Updated March 20th, 2024 at 18:13 IST

RBI on current Indian economy: Key takeaways from central bank’s bulletin

The high visibility of structural demand and healthier corporate and bank balance sheets will likely be galvanising forces.

Reported by: Rajat Mishra
Retail market boom | Image:Unsplash
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India economic resurgence: The Reserve Bank of India  (RBI), in its latest bulletin, has revealed that investment-driven momentum and private capital expenditure in India are expected to witness a surge. 
As per RBI, a robust surge in aggregate demand was being powered by a host of investments panning across sectors. The revival of private capex has long been an area of concern. 
“Aggregate demand in the third quarter of 2023-24 was investment-driven, with some indications of a revival of the private capex cycle. Capacity utilisation in several sectors has reached a point where there have to be new investments,” the RBI said.

Robust Aggregate Demand
According to the RBI, central public sector entities have achieved an impressive 92 per cent of their capital expenditure target for the fiscal year 2023-24 by February 2024, a sign of thriving investment-led aggregate demand in the economy. The central bank also highlighted capacity utilisation and said that there is a strong case for expansion and investments by corporates as capacity utilisation in several sectors has reached a point where there has to be new investments.
“The high visibility of structural demand and healthier corporate and bank balance sheets will likely be galvanising forces,” the RBI further added.

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Private Consumption Challenges

The challenge emerges from the private consumption front, where growth remains tepid, even during the festive season. Moreover, a contraction in government final consumption also posed a challenge.  The RBI in its report added that market research indicates that the domestic Fast-Moving Consumer Goods (FMCG) sector may experience moderate growth over the next six months.

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Robust Manufacturing Sector 
On the industrial front, the manufacturing sector emerges as a major growth driver buoyed by sustained profitability amidst falling input costs. Across various sectors—from automobiles to pharmaceuticals—companies report improved interest coverage ratios, fueling optimism for sustained growth.
“The manufacturing base has also been expanding. For instance, the entire semiconductor chip value chain – design; packaging and fabrication – has made its presence in the country,” the RBI added in its bulletin.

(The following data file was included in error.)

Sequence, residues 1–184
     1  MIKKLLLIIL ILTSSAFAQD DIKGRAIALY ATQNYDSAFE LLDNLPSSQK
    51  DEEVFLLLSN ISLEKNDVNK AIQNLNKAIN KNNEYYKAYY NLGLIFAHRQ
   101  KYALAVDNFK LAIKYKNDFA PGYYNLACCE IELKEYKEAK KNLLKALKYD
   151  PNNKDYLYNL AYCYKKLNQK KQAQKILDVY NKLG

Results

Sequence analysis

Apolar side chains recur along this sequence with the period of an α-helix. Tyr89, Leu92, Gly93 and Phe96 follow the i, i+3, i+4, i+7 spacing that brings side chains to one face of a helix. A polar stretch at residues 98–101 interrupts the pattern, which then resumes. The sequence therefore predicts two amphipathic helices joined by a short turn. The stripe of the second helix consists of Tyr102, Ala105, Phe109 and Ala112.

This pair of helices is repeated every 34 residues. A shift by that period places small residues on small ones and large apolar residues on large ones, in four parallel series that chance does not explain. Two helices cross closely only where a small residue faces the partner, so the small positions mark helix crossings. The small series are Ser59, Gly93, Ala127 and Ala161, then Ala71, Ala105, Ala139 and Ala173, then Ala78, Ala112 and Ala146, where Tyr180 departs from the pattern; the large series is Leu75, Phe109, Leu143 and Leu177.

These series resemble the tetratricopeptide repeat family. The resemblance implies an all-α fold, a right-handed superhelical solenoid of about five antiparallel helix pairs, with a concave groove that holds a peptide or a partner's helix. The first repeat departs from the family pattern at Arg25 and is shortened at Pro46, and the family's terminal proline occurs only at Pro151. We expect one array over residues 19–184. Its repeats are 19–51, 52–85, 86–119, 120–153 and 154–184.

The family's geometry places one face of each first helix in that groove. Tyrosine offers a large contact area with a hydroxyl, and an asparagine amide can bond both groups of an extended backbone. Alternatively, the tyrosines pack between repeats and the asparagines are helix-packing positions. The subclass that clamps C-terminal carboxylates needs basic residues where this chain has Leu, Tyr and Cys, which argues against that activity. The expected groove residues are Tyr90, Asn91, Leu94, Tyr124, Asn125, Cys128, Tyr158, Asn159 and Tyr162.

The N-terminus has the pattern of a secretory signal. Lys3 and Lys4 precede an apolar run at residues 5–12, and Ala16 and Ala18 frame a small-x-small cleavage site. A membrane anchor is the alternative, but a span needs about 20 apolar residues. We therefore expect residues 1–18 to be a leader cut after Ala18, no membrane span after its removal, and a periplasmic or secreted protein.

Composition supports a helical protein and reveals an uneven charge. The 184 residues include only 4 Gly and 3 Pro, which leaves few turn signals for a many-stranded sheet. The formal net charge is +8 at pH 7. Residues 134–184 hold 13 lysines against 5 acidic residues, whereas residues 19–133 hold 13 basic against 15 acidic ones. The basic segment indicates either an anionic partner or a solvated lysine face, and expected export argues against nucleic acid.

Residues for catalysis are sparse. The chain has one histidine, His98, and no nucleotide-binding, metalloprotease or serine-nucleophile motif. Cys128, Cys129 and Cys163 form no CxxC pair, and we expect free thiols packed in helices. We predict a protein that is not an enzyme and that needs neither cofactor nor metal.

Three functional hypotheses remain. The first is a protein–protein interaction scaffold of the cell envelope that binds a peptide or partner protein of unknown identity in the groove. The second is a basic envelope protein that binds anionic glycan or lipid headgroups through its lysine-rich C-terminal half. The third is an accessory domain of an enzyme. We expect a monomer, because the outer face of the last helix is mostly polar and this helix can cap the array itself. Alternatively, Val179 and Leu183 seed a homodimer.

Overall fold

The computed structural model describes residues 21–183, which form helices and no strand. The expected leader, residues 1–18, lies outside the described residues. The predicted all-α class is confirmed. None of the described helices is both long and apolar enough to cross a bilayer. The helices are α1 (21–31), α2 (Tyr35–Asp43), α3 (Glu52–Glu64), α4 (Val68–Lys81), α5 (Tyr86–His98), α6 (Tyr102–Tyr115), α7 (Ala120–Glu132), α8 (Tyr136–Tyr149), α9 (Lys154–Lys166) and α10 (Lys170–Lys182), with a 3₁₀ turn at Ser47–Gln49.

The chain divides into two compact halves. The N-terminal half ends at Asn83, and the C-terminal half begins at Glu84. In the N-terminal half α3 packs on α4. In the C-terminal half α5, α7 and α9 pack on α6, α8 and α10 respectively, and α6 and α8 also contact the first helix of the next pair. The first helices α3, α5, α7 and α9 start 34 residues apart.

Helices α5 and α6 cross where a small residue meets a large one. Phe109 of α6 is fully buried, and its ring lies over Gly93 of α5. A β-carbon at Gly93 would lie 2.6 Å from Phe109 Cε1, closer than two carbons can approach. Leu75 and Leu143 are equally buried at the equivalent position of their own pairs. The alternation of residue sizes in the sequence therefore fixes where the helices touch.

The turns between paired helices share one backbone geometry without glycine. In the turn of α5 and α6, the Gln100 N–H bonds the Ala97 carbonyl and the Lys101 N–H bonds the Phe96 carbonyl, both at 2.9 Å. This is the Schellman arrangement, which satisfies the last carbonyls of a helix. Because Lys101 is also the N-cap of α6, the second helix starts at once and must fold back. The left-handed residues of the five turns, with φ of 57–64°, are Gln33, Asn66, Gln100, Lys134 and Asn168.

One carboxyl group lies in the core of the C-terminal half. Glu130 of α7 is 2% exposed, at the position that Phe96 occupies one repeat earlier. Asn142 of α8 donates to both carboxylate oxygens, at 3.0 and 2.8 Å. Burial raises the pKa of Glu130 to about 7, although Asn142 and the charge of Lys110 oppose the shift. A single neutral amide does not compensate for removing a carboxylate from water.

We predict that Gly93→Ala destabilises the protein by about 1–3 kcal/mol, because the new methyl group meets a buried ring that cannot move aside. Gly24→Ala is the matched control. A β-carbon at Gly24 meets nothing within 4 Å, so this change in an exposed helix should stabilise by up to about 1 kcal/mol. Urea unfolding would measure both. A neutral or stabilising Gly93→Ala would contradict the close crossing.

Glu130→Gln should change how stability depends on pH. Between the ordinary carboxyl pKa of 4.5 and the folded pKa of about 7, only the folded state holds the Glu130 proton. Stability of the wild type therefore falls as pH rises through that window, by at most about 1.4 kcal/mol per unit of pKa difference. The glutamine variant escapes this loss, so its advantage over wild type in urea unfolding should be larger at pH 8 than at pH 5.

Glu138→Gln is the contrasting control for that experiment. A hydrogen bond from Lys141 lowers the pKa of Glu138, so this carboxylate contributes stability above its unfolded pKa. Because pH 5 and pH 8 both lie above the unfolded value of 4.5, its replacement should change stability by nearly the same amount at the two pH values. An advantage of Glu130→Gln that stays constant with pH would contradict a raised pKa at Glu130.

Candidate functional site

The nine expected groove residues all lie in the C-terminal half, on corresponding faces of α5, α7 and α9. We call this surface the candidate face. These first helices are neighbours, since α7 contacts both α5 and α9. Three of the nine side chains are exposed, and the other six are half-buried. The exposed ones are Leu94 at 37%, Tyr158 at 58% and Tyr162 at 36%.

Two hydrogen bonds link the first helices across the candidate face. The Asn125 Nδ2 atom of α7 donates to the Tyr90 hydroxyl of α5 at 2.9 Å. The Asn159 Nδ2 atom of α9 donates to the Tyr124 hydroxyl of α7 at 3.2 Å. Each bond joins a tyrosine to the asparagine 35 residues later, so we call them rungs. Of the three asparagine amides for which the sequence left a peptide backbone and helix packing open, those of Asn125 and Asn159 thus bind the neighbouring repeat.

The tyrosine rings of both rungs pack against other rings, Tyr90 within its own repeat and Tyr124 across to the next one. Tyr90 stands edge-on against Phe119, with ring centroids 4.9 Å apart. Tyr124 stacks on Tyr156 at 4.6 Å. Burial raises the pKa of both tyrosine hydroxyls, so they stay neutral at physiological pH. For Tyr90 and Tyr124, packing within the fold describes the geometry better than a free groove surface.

Similarly, construction activity thrives, while the hospitality and retail sectors undergo transformative shifts. Despite agricultural challenges stemming from erratic monsoons, a silver lining emerges, with favourable conditions anticipated going forward.

According to RBI, the hospitality sector is set to witness a healthy revenue growth, boosted by a modest increase in average room rates (ARR) of 5-7 per cent and occupancy at 73-74 per cent. Similarly, the resurgence of global capability centres (GCCs) has also helped demand for grade-A offices to expand strongly. Higher traction in overall leasing has aided the performance of listed companies in this segment.

Surging Stock Markets 
Financial markets mirror this narrative of resurgence, with stocks riding an exhilarating bull run and the Indian rupee lying in newfound stability. Strong investor appetite for corporate bonds underscores growing confidence, propelled by India's inclusion in global bond indices.

“While large caps are gaining, mid-and small-caps are rising even faster, with hints of froth and a spreading equity culture. Foreign investors account for their smallest share of the Indian stock market in a decade (at 16.3 per cent), reflecting increased buying by domestic institutions, including mutual funds,” the report added.

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Stable Rupee 
Another worry for the economy- a depreciation rupee- has been in stabilised territory for a very long time. “INR is appreciating and is among the least volatile currencies. The INR has been bolstered by a pick-up in foreign direct investment (FDI) by 11.4 per cent YoY in October-December 2023,” the RBI summarised. 

Similarly, the mergers and acquisitions jumped 78 per cent in terms of deal value in January 2024. Portfolio inflows during April-mid March 2023-24 accounted for a fifth of all such flows to EMEs. The RBI highlighted that strong merger activity and portfolio inflow allude to a stable and strong rupee.

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Published March 20th, 2024 at 18:13 IST